Previous to the eighteenth century there seems to have been no adequate conception of the training of mind as being amenable to the rules and methods of science. It was probably not thought that the mental life was subject to laws the nature of which could be ascertained, and which would have to be followed if there would be any success in leading the mind to attain those ends which should be kept constantly in view in all educational work. The teacher, then, would be successful according to the measure of his instinctive apprehension of the peculiar nature of each pupil's mind; and there would not be much opportunity to increase his success by careful observation and study of a large number of children. The first recognition of teaching as an art, founded upon a rather indefinite science of the mind, seems to have been shown by the Jesuits in the seventeenth century, when they required every individual who should teach in their schools to spend two or three years as an apprentice, observing the ways of a master, who was supposed to have become familiar with the best art of teaching through his own experience in observation and experimentation. Later, Ratich urged that teaching was an art, and that those who were to practice it must become familiar with its rules and devices before trying it, lest those whom they should attempt to instruct should suffer by their ignorance and unskillfulness until experience should have taught them wisdom. In the eighteenth century Francke embodied this idea in his schools at Halle, requiring that all his teachers should, before being fully admitted to the profession, spend two or three years in observing others teach, and in reflecting upon the difficulties to be met with and devising means to overcome them. This was the forerunner of the "teacher's seminary," which has latterly spread throughout Germany and all the progressive countries of Europe; and which has crossed over the waters to our own land, where a different name has been taken, but where the same ends are aimed at. Previous to 1833 there were in France, according to Guizot, forty-seven primary normal schools, while at present there are one hundred and seventy-one well-equipped institutions, all of which have become governmental institutions. In 1827 David Stowe established the first normal seminary in Great Britain, at Glasgow; and such great popularity did this attain that other institutions of the same kind sprang up rapidly throughout Scotland and England, while training colleges and professorships of pedagogy in the universities have also been established. The first normal school in our own country began operations at Lexington, Mass., in 1829, and now there is not a State in the Union that has not several of these schools, supported at public expense; while normal colleges and professorships of pedagogy are meeting with favor and multiplying in all parts of the country.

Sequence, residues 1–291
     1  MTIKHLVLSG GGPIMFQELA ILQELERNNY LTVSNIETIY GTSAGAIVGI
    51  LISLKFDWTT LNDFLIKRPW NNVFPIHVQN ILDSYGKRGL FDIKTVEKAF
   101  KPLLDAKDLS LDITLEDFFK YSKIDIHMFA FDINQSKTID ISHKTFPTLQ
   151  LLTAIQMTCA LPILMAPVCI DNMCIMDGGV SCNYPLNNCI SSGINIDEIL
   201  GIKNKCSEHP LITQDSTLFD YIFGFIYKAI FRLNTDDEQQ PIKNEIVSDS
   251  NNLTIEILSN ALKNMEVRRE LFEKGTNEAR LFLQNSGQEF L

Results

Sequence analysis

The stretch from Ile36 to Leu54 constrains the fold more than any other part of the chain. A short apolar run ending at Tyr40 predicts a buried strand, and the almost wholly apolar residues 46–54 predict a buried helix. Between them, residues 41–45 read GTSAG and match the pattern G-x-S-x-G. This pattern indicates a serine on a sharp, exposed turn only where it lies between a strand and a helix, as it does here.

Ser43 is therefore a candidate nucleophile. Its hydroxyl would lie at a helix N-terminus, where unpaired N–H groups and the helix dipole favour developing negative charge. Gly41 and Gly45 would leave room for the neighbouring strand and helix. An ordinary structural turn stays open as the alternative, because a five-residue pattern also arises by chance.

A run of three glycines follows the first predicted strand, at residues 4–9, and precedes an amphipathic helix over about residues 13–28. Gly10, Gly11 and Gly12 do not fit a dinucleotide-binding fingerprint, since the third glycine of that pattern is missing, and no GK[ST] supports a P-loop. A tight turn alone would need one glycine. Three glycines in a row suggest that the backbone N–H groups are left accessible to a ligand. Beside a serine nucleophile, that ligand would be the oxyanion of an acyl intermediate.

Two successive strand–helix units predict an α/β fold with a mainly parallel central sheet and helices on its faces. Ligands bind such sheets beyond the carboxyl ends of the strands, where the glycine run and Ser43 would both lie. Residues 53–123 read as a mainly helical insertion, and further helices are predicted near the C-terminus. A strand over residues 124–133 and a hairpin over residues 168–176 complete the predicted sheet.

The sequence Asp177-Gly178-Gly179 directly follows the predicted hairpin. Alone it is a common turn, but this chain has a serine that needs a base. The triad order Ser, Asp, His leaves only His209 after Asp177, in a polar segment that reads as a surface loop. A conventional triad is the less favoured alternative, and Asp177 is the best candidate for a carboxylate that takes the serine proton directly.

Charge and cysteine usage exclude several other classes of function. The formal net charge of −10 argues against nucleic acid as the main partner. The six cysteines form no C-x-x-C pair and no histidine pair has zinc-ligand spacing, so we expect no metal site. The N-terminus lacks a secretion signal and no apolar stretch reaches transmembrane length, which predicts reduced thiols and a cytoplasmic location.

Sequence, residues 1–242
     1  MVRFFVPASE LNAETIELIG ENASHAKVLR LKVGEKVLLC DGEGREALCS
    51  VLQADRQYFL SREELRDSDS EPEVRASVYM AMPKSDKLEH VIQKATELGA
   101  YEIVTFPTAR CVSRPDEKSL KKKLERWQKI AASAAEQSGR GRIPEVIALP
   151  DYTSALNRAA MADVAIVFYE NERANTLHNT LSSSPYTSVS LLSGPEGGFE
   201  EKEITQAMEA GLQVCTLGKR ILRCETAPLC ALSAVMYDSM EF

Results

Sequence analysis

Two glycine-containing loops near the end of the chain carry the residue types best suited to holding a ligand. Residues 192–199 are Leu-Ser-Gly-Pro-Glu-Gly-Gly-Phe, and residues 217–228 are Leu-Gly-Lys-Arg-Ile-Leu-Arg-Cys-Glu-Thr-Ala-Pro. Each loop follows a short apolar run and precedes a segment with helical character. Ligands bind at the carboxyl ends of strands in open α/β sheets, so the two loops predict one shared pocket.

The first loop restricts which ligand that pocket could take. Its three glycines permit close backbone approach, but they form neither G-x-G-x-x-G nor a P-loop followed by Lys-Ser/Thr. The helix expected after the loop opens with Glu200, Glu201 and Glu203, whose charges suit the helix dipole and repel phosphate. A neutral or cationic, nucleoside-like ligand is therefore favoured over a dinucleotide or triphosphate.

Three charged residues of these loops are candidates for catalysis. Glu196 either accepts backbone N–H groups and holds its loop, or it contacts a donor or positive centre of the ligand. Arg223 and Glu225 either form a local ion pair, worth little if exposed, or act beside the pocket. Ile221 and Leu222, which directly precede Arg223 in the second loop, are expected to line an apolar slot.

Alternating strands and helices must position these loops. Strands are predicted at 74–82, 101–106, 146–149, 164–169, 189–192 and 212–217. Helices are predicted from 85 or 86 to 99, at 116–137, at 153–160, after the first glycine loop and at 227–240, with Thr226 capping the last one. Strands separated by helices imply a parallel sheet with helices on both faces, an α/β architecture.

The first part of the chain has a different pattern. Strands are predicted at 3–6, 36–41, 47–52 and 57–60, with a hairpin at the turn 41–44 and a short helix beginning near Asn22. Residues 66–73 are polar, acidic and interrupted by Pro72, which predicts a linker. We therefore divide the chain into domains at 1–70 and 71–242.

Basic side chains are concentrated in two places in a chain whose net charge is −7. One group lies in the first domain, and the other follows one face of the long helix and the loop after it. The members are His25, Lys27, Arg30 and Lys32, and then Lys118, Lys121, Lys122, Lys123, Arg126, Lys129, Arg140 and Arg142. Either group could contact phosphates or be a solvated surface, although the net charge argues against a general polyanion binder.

In America there is a problem to be met in the training of teachers that gives very little trouble to many of the countries of the Old World. In Germany, Austria, France, and the other important nations of Europe, teaching has come to be regarded as a profession which, when an individual once enters, he rarely deserts, holding to it for life the same as if he had engaged in the practice of medicine or law. The population of these countries is practically constant, making it possible to determine pretty definitely about how many teachers will be required each year to meet the demands of the public schools. On this account the teacher is reasonably certain of finding and holding a place in his profession if he enters it properly prepared; and the governments of these countries can say that no teacher shall engage in the practice of his profession until he shall have had the normal school or training-seminary preparation, which is provided free, under the provision that the beneficiary shall devote himself during his life, or a certain portion of it, to the work of teaching in the public institutions of the country. In our own country teaching is not yet regarded as a profession to any great extent; and a majority of those engaged in it do not continue in it for a long time, perhaps not more than two or three years. The greater number of teachers are women whose tenure of office in the schools is tentative, depending upon the time when they shall find more attractive life work; while most of the men who enlist under the banner of the schoolmaster do so only as preliminary to engaging in other and more remunerative professions when fortune favors. This uncertainty in things makes a thorough and systematic training of teachers in anything like completeness impossible in our own country at the present time. However, so thoroughly is it recognized by those familiar with the question that teaching is an art to be improved upon by special study, even by those possessing the most favorable endowments, that provisions are made for some professional training of every candidate for a place as master in the schools. This is done through teachers' institutes in all the States, summer schools, teachers' training classes in the high schools, normal schools, and departments and chairs of pedagogy in the universities; and by means of these agencies almost every teacher receives more or less professional instruction which enables her to grasp the problem she is to undertake in the management of a school in a more skilled and scientific manner. But, while not disparaging the work done by any and all of these agencies, it must still be said that it is to our normal schools that we must look for anything like that preparation and training which must be demanded of our teachers before our schools shall be able to realize adequately those ends for which they are established and maintained.